Linda, "WritePad" works rather well. I have used it with some success due in part to my poor handwriting. This app works well if you have better penmanship than I do. I can usually get it to work but have to really take my time if I want good text conversion. There is one other app that I have been pleased with and that is NotePlus (see an earlier app review on this). You will need, however, to purchase the plug in to go with the app.

  • Art North

    Noteshelf has just added calligraphic nibs – allowing for beautiful thick and thin strokes essential for italic and other styles of calligraphy. This sets it apart from all other note apps right now.

    They also provide support for some brand new pressure sensitive styluses, but I have yet to try these.

  • Todd Finley

    It's fun to use. I wish there was something easy to use to read students papers, respond, and send back to them quickly.

    • Dave

      Todd, not sure of a one step procedure to accomplish what you desire, especially in an app. There is a possible way out if you use your computer to read students' papers to you (for Windows platform, use ReadPlease; I think MS Word has a feature to allow this as well. For Macs, there is a built in feature to read texts). Then, you could turn around and use the QuickVoice Pro or QuickVoice app to email your voice feedback to students. Be sure to tell students to use the Quicktime player to play back the e-mail voice recording. Hope this helps.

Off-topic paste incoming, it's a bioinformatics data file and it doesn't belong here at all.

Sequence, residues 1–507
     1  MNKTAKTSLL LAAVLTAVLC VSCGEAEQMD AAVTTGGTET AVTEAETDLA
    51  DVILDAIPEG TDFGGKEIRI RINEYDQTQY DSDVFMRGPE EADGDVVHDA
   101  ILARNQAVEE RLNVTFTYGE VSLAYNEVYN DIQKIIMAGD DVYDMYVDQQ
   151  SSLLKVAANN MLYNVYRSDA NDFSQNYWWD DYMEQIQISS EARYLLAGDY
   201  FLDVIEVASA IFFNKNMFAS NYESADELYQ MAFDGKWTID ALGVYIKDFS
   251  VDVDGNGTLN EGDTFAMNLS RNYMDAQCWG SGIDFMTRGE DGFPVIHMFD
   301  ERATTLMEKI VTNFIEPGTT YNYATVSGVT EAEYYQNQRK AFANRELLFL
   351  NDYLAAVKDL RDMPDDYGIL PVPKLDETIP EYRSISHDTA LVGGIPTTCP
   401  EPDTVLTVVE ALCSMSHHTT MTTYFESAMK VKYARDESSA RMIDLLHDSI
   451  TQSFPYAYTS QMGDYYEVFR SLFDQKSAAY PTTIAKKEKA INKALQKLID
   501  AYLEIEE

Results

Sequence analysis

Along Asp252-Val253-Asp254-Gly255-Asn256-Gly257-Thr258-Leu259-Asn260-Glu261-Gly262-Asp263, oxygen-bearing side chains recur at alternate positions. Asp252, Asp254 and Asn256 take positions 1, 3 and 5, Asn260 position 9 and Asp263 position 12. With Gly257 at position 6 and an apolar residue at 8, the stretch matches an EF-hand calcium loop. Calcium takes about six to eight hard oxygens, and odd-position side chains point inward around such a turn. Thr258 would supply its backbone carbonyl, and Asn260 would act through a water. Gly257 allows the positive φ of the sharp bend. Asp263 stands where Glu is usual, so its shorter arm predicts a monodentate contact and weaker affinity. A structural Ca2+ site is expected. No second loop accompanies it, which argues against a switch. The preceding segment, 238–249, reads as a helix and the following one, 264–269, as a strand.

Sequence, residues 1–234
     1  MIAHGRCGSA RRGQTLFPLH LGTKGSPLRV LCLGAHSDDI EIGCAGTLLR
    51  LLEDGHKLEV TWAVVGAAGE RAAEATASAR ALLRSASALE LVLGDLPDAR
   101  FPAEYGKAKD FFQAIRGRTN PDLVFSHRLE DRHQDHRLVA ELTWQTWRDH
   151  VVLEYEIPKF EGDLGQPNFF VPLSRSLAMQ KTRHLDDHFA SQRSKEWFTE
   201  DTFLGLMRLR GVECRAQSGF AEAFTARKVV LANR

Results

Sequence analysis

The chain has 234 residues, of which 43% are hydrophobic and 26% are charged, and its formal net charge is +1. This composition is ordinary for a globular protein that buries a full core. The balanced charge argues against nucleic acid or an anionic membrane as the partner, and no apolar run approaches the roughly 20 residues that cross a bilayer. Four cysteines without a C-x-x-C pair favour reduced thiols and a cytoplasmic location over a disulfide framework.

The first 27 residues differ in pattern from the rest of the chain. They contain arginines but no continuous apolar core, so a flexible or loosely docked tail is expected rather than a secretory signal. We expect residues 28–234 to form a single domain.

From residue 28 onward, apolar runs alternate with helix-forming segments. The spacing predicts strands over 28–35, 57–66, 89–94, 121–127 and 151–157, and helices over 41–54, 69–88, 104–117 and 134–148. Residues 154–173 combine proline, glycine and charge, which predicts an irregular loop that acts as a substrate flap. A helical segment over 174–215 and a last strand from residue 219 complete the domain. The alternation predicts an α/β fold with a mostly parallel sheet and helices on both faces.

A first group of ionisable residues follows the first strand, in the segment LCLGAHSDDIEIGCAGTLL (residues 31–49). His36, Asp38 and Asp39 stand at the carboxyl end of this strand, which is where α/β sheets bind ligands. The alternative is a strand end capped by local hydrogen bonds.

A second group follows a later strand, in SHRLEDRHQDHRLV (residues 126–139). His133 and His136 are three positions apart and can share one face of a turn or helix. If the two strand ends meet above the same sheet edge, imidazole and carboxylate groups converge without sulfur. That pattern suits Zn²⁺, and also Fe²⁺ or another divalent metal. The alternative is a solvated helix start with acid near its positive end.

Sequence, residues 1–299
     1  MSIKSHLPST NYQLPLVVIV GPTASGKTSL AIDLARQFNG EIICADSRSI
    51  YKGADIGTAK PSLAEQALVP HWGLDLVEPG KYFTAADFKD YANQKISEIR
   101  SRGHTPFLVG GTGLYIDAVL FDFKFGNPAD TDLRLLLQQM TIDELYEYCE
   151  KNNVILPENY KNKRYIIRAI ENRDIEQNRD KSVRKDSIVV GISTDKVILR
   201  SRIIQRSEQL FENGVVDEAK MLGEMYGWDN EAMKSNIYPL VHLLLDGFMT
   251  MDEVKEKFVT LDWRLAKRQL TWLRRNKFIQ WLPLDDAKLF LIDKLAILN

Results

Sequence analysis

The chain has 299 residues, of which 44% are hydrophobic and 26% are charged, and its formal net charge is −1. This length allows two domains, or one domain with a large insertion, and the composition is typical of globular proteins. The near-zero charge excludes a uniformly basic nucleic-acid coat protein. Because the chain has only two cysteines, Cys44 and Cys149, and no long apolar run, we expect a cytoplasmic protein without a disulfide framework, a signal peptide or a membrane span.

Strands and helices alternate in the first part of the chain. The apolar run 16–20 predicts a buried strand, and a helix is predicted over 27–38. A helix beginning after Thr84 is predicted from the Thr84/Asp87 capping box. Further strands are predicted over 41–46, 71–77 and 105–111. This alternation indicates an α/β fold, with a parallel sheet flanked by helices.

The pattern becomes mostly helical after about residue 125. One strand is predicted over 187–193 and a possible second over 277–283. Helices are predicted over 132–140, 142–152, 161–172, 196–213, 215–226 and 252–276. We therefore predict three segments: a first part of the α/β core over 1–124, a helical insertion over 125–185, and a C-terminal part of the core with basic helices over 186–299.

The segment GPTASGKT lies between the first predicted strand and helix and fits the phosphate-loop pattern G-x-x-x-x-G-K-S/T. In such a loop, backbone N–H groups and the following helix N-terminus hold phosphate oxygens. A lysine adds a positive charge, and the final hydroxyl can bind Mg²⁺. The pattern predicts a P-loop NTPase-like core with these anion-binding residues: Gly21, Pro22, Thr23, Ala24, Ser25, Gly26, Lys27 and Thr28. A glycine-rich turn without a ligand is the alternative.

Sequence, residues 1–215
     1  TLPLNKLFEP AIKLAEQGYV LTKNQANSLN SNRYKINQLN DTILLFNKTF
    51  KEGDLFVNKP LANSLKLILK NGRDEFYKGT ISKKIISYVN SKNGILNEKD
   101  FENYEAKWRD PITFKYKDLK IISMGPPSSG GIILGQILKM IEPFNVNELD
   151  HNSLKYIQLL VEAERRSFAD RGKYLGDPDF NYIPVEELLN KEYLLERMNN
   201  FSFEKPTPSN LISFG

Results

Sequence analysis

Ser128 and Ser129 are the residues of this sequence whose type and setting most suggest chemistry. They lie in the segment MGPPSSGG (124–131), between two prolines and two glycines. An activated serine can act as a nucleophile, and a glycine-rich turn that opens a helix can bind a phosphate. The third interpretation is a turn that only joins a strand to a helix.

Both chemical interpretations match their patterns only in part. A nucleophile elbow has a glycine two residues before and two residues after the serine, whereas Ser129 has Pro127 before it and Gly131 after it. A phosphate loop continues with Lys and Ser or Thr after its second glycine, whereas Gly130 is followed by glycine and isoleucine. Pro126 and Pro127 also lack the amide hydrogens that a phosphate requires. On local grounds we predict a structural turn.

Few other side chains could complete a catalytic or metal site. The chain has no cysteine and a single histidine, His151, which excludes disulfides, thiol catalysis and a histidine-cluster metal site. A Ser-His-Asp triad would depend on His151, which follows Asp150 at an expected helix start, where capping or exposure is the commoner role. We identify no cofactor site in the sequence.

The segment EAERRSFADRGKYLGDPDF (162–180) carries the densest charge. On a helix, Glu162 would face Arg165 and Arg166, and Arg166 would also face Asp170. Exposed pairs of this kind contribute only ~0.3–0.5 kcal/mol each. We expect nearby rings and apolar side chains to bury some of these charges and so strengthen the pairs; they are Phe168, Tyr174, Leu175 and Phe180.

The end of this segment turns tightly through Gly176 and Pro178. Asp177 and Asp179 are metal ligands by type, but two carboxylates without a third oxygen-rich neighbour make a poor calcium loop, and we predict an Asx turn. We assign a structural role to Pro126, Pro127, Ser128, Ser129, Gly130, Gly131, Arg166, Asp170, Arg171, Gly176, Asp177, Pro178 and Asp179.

• Shemon

    Great review!
    Thank you very much.
    I just have one important question, does the zoom writing function supports right to left languages (like Hebrew)?

    Thanks again

  • dee

    I have used noteshelf for over a year or so and its been great especially after the retina update. The ink engine is fast and smooth. The organisation of notebooks with customization covers is nice.

    However I recently went back to explore other notepad apps to see what had changed since I reviewed them from way back.

    I can now say that Goodnotes has improved a lot. It used to feel very laggy but they have improved things there and now the engine is very similar to noteshelf.

    One thing that has now swayed me to Goodnotes is the 'page'. Noteshelf feels to me now to be a small sized notebook in that I have only 24 lines to write on. Goodnotes has way more lines and looks like an A4 page. I have always written physical notes on A4 size pages so Goodnotes offers an exact replica of this. With Noteshelf it always felt like I had limited space to write notes and made it feel like an A5 paper in terms of a physical counterpart.

    I like the pages overview in Goodnotes, the one in Noteshelf just doesn't feel right with my brain- and I feel some lag in my brain as it tries to get a quick overview. I think this maybe because Noteshelf displays it all in one column, from top to bottom which requires scrolling down. Goodnotes does it over three columns, left to right, very much like laying out a book. My brain gets this straightaway.

    The other thing I like about Goodnotes is the pdf backup sync. I know I can now access pdf replica's of my notes on any computer. With Noteshelf I had to sync/send one page at a time. Its such a boring task I haven't bothered to do any synching/backup.

    So I am now in the process in rewriting my notes from Noteshelf and I will be removing it once I am done.

    Hope this helps people. At the end of the day you need to try them out if you have the funds and see what suits you and what functions you will need. I think the inking engines have come a long way since a year ago. I'm excited to see what the future will bring -especially as new ipads come out!